Recommended Reads for Winter 2019 - 2020
As Christmas draws near, and the lists of preparations are completed, what better time is there to settle down to read an absorbing book or to consider a plan to read more in the coming year. After all, we know there is a long cold winter ahead, and there is nothing better than curling up in the warm, with a cup of tea or a glass of wine, and losing yourself in a good book. If you are lucky enough to live somewhere hot and sunny, then you need to find a shady place to read your book and drink your wine!
There are so many books published month on month and back catalogues of your favourite writers' works, but I will assume that you are keen to read something with a connection to Daphne du Maurier and that perhaps you have already read much of her work. May I also assure you that I am writing to the men as well as the women out there, and although my third book suggestion might sound like a bit of a feminist tome, the first copy I sold was to a man, so please do not be put off!
I have four books to suggest to you today and the first is Daphne du Maurier’s short story The Apple Tree, which I mentioned to you on our News Page back in October. The Apple Tree was first published by Victor Gollancz in 1952 when it was the titular story in a collection described as a short novel and several long stories. The volume also included The Birds, and once the Hitchcock film of that short story had established itself, the collection changed its name to The Birds and Other Stories. This collection was published in the USA as Kiss Me Again Stranger, the title of another story in the collection.
This December The Apple Tree was published as a stand-alone short story, in a series of Ghost Stories for Christmas, illustrated by Seth and published by Biblioasis in Canada. This edition is not very easy to find in the UK, but do persevere, because it is a delightful edition and a great wintertime/Christmas read. Here is a hint at the plot to pique your interest.
My second suggestion is a publication from the USA, entitled Monster, She Wrote: The Women Who Pioneered Horror & Speculative Fiction by Lisa Kröger and Melanie R. Anderson, published by Quirk Books, USA. This book has been available in the UK since September. Here is what the publishers say.
Of course, Daphne du Maurier can be found among the one hundred plus authors. She is in Section Five: Haunting the Home. You will find an interesting biographical write up about her and references to Rebecca and her disturbing short story The Doll. For our British readers, I need to correct two small details; firstly, concerning Daphne’s husband, when someone receives an honour and becomes a Sir, they are referred to as, for example, Sir Frederick, not Sir Browning. Secondly, Daphne did not buy Menabilly, the house she lived in for about 26 years, and which is the setting for such novels as Rebecca, My Cousin Rachel and The King’s General. She rented Menabilly from the Rashleigh family, who had owned the house since Tudor times and still do to this day. Aside from those two minor slips, this is an excellent piece about Daphne du Maurier within a book containing countless facts about the many authors that we have read or about whom you would like to know more.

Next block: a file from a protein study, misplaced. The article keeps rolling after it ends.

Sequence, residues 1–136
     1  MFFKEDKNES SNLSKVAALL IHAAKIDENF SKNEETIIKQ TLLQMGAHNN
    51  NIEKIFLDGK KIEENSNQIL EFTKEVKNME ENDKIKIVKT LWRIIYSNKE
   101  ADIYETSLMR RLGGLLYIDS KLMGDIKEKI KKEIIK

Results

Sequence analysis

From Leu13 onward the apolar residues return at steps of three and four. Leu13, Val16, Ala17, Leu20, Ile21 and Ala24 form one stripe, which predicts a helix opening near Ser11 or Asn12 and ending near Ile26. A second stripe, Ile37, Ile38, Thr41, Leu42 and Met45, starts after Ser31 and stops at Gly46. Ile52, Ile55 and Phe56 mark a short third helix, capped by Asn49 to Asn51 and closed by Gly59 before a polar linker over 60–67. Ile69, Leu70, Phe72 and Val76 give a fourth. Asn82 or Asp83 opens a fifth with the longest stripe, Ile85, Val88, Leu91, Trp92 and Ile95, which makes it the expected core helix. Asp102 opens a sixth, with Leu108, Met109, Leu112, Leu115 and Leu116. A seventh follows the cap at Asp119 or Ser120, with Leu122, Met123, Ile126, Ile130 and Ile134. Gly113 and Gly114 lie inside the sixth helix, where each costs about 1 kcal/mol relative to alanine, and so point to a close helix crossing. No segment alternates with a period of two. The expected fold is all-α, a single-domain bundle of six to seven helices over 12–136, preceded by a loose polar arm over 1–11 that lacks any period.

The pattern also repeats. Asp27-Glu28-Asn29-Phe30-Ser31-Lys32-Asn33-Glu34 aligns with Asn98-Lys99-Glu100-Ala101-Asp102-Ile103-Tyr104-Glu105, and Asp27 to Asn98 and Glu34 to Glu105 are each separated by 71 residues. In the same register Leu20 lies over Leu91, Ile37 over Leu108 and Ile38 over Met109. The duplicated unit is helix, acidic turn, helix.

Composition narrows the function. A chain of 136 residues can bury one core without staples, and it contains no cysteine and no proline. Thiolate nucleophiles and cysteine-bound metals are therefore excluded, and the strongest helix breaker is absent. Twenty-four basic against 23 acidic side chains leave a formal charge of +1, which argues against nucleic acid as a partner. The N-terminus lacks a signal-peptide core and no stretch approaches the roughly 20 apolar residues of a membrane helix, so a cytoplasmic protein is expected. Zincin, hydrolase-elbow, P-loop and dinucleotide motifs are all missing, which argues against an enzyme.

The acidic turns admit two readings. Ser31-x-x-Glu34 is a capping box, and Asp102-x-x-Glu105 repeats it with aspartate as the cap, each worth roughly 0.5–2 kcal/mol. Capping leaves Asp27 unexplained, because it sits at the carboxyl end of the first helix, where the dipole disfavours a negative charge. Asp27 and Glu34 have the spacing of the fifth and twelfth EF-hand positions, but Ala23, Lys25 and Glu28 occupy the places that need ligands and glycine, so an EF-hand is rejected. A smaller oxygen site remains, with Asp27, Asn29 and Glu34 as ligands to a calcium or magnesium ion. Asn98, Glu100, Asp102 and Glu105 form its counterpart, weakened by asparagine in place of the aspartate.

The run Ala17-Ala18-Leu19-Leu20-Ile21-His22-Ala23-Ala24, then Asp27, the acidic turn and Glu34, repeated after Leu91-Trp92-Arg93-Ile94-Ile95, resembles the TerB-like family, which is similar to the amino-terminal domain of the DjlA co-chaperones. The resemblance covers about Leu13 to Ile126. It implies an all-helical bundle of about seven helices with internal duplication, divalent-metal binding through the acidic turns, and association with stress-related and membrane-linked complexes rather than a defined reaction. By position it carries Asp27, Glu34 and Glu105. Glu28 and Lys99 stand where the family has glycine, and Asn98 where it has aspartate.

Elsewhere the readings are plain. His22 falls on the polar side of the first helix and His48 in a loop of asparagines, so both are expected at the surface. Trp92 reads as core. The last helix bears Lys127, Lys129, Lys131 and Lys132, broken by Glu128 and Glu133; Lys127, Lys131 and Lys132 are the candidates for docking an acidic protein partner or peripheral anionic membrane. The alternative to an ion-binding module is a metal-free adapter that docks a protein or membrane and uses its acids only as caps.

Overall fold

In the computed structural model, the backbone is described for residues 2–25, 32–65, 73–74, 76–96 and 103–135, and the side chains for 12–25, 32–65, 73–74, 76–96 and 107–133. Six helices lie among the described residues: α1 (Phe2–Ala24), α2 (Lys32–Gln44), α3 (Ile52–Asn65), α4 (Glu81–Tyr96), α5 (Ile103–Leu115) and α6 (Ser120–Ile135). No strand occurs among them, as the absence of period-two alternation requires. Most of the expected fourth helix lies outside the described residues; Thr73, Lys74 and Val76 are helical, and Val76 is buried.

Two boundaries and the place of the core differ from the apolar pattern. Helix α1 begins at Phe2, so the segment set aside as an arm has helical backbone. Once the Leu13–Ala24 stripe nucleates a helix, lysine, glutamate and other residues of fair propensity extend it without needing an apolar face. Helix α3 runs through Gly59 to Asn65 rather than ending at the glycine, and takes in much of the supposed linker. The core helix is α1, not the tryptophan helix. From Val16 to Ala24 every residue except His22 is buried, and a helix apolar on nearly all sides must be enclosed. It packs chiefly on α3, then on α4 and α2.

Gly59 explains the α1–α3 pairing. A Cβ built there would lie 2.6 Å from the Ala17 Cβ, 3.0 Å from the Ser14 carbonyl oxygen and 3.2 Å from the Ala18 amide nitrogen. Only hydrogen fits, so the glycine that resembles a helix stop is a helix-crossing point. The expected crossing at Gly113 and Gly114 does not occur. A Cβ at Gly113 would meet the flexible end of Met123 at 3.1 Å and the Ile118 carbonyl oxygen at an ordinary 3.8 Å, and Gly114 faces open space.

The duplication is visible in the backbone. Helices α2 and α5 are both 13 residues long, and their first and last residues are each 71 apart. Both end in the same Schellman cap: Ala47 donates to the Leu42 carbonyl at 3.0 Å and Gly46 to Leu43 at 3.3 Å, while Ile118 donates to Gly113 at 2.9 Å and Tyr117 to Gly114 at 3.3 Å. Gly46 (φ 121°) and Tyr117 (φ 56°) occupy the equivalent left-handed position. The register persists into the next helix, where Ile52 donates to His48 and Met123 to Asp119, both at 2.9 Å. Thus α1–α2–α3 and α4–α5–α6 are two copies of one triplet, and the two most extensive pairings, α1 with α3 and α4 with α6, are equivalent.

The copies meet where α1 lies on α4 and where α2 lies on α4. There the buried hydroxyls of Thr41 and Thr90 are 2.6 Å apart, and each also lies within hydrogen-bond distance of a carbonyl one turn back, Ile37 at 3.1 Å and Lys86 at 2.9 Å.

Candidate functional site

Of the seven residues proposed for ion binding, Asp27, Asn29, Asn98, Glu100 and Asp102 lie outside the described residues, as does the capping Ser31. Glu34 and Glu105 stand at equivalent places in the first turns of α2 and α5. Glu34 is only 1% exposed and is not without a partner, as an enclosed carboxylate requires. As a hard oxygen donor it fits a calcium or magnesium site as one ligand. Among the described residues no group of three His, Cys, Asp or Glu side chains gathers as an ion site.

My third suggestion is so new it has not yet officially been published; in fact, its publication date is 16th January 2020, and the book is called Why Women Read Fiction: The Stories of Our Lives by Professor Helen Taylor. This long-anticipated book has been in Helen’s mind for many years. During that time she has shared conversations, phone calls, emails and questionnaires with friends, family, colleagues, festival-goers, women (and men) of all ages up and down the country, in order to find the answers to the book that is now complete and answers the question that is the title. Here are a few words to introduce the book to you.
The book contains hundreds of references to many different authors and their works, but as we are on the Daphne du Maurier website let me assure you that there are plenty of references and pointers to Daphne and her writing.
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